At yearend 2008, the reported number of state and federal inmates who were HIV positive or had confirmed AIDS totaled 22,144. Among states reporting data in both 2007 and 2008, there was an increase of 145 inmates with HIV/AIDS. Of the state and federal inmates who were HIV positive or had confirmed AIDS, a reported 20,231 were men and 1,913 were women. Between 2007 and 2008, the percentage of male inmates with HIV/AIDS remained stable at 1.5 percent, while the percentage of female inmates with HIV/AIDS decreased slightly from 2.1 percent to 1.9 percent.
Florida (3,626), New York (3,500) and Texas (2,450) reported the largest number of HIV/AIDS cases. While these three states account for 24 percent of the total state custody population, together they account for 46 percent of HIV/AIDS cases in state prison. New York continues to report large decreases (down 450) in the number of HIV/AIDS cases. Notable increases between 2007 and 2008 were in California (up 246), Missouri (up 169) and Florida (up 166).
Between 1995 and 2006 the number of state inmates who died from AIDS-related causes decreased 85 percent from 1,010 to 155. Continuing the downward trend, 120 state inmates died from AIDS-related causes in 2007. Among federal inmates, 13 died from AIDS-related causes in 2008, up from 10 in 2007.
During 2008, a total of 24 states reported testing all inmates for HIV at admission or sometime during custody. Among these 24 states, 23 tested at admission, five tested while in custody, and six tested upon release. Fifty states and the federal system tested inmates if they had HIV-related symptoms or if they requested an HIV test. Forty-two states and the federal system tested inmates after they were involved in an incident in which an inmate was exposed to a possible HIV transmission, and 18 states and the federal system tested inmates who belonged to specific high-risk groups.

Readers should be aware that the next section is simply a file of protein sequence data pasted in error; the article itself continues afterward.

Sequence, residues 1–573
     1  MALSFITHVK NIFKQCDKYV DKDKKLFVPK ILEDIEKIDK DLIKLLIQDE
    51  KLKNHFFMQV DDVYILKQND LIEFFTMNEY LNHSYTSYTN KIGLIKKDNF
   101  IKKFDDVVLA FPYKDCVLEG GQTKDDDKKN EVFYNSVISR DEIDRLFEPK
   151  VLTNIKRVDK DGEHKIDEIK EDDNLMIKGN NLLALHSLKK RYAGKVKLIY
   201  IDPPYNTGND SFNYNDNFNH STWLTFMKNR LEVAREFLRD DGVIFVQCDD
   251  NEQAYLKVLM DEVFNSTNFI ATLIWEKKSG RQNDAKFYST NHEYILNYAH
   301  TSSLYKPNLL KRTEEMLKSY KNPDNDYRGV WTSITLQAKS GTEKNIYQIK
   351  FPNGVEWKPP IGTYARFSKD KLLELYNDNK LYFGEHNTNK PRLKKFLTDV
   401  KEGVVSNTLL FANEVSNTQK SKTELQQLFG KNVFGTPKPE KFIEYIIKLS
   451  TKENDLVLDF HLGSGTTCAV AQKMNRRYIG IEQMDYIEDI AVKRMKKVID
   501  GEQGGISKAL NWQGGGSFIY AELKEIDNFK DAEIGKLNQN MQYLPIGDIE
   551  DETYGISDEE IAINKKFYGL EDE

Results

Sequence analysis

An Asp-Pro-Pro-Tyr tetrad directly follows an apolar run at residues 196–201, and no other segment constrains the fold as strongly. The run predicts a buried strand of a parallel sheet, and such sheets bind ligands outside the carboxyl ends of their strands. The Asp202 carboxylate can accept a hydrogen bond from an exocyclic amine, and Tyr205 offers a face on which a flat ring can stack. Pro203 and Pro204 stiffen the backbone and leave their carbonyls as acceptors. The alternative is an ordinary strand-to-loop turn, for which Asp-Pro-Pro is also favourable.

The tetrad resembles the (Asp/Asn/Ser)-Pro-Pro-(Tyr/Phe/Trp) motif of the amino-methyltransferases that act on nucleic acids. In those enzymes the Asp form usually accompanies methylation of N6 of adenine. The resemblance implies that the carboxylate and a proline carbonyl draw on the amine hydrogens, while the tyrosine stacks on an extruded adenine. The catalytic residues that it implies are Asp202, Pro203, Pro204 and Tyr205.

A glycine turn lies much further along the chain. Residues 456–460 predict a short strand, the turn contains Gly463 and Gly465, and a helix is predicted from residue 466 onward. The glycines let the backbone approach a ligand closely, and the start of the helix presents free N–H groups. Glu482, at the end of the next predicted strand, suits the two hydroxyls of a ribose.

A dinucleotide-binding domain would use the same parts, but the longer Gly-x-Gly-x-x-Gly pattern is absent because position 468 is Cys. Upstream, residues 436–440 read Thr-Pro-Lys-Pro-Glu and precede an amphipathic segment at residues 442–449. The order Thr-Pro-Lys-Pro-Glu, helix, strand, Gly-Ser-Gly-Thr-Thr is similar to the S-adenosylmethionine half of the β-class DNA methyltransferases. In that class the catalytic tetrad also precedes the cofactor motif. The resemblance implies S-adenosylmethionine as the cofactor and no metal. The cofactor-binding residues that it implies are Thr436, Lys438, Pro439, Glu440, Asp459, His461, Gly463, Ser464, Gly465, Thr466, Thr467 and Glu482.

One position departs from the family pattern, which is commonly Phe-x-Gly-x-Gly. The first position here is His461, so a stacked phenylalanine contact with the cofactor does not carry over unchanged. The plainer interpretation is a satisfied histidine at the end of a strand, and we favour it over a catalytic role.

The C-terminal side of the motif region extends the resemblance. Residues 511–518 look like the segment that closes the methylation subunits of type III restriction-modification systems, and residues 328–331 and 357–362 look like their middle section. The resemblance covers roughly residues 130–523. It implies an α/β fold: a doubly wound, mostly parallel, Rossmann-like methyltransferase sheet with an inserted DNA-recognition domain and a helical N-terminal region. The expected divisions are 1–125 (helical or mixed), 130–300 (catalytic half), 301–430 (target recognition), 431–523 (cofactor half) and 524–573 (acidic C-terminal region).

The report, HIV in Prisons, 2007-08 (NCJ 228307), was written by BJS statistician Laura M. Maruschak and intern Randy Beavers. Following publication, the report can be found at http://www.ojp.usdoj.gov/bjs/abstract/hivp08.htm.
For additional information about the Bureau of Justice Statistics' statistical reports and programs, please visit the BJS Web site at http://www.ojp.usdoj.gov/bjs.
The Office of Justice Programs (OJP), headed by Assistant Attorney General Laurie O. Robinson, provides federal leadership in developing the nation's capacity to prevent and control crime, administer justice, and assist victims. OJP has five component bureaus: the Bureau of Justice Assistance; the Bureau of Justice Statistics; the National Institute of Justice; the Office of Juvenile Justice and Delinquency Prevention; and the Office for Victims of Crime. In addition, OJP has two program offices: the Community Capacity Development Office, which incorporates the Weed and Seed strategy, and the Office of Sex Offender Sentencing, Monitoring, Apprehending, Registering, and Tracking (SMART). More information can be found at http://www.ojp.gov.
SOURCE Office of Justice Programs - U.S. Department of Justice